The outstanding performance of the sector last year - with growth in all four quarters - was in sharp contrast to other sectors of the economy. Stats SA reported growth in agricultural GDP of 5.9%[3] in the fourth quarter of 2020, bringing the overall agricultural GDP growth to 13.1% year-on-year (relative to a 7% economic contraction for the country as a whole). This outperformance was underpinned by high levels of agricultural output following favourable production conditions (on the back of a La Nina weather pattern); high commodity prices; strong export demand; and a favourable rand exchange rate. The sector was also classified as an essential service, allowing it to remain operational during the lockdowns.

Exports Continue to Increase

Infographic showing how exports continue to increase

The SA agricultural sector remains a net exporter, with exportable volumes of various commodities growing annually, subject to weather conditions. In 2020, SA’s agricultural exports hit $10.2 billion, a 3% increase from the prior year and the second largest level on record. At the same time, agricultural imports fell 8%, leading to a 26% annual increase in the agricultural trade surplus, which widened to $4.3 billion in 2020. The top 10 export products were citrus, grapes, wine, apples and pears, maize, nuts, sugar, wool and fruit juices, with Africa and Europe serving as the largest markets for SA agricultural exports (followed closely by Asia).

Citrus, as a sub-sector, experienced a notable increase in demand due to the pandemic-related demand for Vitamin C. Citrus exports hit a record high in 2020, with SA cementing its position as the second-largest exporter of fresh citrus in the world, after Spain. This follows a period of citrus production growth in response to a spike in global demand (especially for soft citrus and lemons) and the attractive investment returns and profit margins. This growth in citrus demand is expected to be sustained throughout 2021 and beyond.

2021 Is Set to See the Momentum Continuing


  • Favourable weather has resulted in increased summer crop plantings, raising the prospect of an even larger maize harvest than in 2019/2020. Industry estimates suggest the country could export 2.8 million tons of maize in 2021/2022, the largest volume since the 1994/1995 season.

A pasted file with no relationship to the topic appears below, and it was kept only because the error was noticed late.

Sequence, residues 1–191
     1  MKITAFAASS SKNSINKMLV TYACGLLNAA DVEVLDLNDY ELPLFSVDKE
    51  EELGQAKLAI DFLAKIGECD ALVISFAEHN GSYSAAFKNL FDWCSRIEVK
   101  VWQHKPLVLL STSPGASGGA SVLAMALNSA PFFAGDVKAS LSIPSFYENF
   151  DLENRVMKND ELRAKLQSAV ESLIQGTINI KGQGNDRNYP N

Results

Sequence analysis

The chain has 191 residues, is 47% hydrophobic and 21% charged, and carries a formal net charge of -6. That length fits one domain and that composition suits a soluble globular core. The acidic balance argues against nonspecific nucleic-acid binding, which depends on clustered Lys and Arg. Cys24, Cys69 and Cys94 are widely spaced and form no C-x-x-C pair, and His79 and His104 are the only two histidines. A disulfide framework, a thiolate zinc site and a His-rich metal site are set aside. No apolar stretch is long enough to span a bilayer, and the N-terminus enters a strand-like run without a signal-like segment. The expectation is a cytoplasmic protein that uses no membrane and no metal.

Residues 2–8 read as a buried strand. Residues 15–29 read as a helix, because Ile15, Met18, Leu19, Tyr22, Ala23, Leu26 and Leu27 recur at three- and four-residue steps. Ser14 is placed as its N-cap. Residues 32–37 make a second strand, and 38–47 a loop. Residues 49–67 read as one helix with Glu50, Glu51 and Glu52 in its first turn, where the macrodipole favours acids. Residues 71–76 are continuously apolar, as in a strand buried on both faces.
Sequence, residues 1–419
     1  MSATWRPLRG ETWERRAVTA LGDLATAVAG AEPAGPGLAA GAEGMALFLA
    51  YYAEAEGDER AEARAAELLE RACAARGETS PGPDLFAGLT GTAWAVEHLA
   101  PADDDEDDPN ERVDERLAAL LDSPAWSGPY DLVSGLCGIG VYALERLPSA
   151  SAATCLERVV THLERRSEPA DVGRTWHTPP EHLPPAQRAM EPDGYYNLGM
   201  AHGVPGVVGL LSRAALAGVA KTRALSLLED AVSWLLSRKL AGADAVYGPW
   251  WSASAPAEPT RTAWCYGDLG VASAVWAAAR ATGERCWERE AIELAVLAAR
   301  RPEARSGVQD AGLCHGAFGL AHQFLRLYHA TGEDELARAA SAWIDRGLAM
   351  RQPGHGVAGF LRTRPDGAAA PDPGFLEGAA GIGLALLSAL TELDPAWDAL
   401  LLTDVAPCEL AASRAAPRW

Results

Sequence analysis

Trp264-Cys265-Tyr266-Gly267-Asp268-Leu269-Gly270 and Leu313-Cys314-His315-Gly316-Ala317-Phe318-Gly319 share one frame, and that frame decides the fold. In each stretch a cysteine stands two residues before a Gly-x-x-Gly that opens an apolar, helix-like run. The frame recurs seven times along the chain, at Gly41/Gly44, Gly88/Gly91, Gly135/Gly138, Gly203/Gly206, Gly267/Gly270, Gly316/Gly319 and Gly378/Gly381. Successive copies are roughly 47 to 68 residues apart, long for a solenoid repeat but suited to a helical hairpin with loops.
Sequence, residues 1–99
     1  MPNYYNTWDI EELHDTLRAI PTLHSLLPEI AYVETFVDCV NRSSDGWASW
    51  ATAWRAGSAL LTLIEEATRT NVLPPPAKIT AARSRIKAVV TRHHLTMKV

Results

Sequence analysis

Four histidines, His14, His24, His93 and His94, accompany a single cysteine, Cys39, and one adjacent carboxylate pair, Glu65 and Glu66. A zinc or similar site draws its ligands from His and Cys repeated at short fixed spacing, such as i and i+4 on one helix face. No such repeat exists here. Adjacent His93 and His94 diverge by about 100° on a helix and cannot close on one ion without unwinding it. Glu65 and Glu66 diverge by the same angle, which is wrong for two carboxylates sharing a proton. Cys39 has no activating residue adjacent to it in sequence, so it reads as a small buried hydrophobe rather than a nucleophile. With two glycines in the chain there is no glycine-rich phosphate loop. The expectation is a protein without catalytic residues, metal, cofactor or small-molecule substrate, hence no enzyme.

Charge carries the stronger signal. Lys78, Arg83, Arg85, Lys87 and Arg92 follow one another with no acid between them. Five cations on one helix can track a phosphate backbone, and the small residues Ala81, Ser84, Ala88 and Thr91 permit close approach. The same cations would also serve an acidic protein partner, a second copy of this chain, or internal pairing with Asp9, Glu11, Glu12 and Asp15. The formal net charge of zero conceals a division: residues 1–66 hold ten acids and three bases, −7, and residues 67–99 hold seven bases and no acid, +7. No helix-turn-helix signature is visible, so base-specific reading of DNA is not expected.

• SA wine grape production is also expected to be larger than in 2020, and there is general optimism about the 2021 harvest in the horticulture subsector, as well as in other field crops.

  • The Citrus Growers’ Association (CGA) recently indicated that the SA citrus industry is likely to break all previous export season records with an estimated 158.7 million cartons in 2021, up from 146 million cartons in 2020.

The high yields and positive prospects for the sector should curtail food and overall consumer inflation - and enhance the sector’s contribution to GDP.


The anticipated growth in agricultural exports from SA is however likely to place pressure on the country’s logistics infrastructure, from handling facilities to transport (road and rail) and the shipping ports. Industry players (such as the CGA) have expressed concern over the country’s logistics systems, after struggling with port congestion and a shortage of refrigeration equipment in recent years. The expected bumper harvest in 2021, and the long-term prospects for this key sector require that we overcome current operational inefficiencies and avoid those that might erupt in future. We need an efficient and cost-effective logistics industry that can facilitate the movement of commodities, not only between SA provinces, but also to export markets. This presents an opportunity for infrastructure investment in the sector.


The bullish outlook for the sector, in an otherwise strained post-COVID economy, also presents an opportunity for agricultural R&D. In line with global trends to meet the rising food demand driven by population growth, agricultural R&D in SA could contribute towards higher yields and lower post-harvest losses.

Many regions globally have reached their agricultural land expansion frontiers, such that increasing agricultural output requires increased productivity. Optimising yields through intensive input use, new cultivars and better production practices will hopefully increase agricultural sustainability and resilience in the longer term.